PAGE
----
23 May 2018

Ceva's Pantograph

The Italian mathematician Giovanni Ceva (\(1647 - 1734\)), father of a celebrated theorem in geometry, a pantograph of vertex \(P\) that will serve to trisect the angle \(A\hat{O}B\). The point \(O\) is fixed while the point \(P\) moves on the line \(PO\). As the machine is constructed such that \(PR=RO=OS=SP\), \(R\) and \(S\) will describe a circumference.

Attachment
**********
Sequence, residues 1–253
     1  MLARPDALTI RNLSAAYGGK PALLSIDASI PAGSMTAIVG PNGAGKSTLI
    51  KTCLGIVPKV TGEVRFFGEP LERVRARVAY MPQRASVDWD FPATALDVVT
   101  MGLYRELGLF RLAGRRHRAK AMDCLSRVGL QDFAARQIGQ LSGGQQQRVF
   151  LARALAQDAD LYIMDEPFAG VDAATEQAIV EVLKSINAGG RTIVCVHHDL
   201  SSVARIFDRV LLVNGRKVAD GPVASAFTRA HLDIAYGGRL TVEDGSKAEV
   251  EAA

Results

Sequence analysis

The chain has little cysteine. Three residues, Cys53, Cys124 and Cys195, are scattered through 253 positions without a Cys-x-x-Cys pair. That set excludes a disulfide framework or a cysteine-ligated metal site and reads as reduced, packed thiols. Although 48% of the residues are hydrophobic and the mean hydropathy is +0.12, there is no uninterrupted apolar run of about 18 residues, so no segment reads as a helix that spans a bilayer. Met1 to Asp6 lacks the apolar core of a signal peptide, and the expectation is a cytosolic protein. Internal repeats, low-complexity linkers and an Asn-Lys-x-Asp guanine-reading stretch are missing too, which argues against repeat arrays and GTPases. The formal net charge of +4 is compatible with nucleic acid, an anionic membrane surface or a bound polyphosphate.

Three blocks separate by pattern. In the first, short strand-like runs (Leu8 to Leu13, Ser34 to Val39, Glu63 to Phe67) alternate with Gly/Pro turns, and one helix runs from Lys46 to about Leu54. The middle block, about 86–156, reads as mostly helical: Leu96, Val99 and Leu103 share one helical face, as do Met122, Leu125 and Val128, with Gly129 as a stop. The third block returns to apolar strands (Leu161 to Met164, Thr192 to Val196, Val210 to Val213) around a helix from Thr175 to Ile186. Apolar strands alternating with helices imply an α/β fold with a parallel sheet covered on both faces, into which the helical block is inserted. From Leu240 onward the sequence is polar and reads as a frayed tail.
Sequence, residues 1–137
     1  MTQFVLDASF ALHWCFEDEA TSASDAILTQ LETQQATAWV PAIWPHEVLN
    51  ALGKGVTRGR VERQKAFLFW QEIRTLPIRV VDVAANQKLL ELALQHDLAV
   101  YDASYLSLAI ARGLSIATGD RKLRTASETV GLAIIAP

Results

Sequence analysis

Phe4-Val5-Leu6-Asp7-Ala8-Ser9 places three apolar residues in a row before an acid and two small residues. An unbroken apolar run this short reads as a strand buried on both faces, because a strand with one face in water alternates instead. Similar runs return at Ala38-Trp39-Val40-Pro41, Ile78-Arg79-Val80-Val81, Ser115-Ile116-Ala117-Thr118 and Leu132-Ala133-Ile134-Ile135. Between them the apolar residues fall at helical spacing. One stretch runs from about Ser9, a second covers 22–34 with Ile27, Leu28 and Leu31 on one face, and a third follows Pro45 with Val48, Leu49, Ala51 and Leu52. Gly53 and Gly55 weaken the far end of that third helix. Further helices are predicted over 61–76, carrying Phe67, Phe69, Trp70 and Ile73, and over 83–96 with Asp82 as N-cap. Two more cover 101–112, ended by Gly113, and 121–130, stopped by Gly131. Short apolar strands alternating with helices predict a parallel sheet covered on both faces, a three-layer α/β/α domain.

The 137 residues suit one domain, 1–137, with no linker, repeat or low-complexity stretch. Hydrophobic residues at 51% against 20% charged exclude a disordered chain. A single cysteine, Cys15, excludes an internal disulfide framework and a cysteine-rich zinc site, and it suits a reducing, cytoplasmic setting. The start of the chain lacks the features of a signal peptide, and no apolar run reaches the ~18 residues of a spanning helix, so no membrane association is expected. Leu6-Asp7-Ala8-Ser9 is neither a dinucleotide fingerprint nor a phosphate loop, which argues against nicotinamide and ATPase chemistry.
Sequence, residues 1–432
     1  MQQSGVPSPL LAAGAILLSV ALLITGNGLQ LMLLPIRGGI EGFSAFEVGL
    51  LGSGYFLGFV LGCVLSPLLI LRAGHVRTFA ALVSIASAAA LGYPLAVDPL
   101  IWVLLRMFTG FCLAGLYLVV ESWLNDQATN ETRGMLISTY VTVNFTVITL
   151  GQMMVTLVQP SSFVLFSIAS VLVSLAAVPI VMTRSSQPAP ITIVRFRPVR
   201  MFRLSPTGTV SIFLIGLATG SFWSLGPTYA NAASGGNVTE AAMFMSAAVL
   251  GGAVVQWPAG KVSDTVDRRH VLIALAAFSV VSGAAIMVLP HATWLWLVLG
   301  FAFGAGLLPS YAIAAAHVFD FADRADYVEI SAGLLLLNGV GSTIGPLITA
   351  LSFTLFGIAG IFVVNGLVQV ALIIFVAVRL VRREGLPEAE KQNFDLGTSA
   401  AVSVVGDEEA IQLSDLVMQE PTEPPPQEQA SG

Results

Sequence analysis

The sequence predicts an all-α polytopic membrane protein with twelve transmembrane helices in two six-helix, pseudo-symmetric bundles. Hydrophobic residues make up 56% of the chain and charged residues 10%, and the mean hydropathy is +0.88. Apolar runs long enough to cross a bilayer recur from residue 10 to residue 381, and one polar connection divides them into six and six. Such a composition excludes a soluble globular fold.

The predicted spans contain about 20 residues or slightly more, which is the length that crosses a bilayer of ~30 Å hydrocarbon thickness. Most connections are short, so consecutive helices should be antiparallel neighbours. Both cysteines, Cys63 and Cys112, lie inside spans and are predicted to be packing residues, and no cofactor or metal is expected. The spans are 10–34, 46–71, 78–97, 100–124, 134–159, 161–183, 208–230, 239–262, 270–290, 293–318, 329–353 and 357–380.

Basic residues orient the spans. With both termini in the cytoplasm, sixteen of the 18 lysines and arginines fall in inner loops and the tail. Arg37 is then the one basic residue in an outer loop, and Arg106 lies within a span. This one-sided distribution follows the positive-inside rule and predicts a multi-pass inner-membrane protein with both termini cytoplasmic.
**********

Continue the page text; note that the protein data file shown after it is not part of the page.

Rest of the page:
The impossibility of the trisection of an angle by ruler and compass was demonstrated by Pierre-Laurent Wantzel in \(1837\).

In the applet below, choose the radius of the circle and then move the point \(R\) and verify the trisection of the angle \(A\hat{O}B\).

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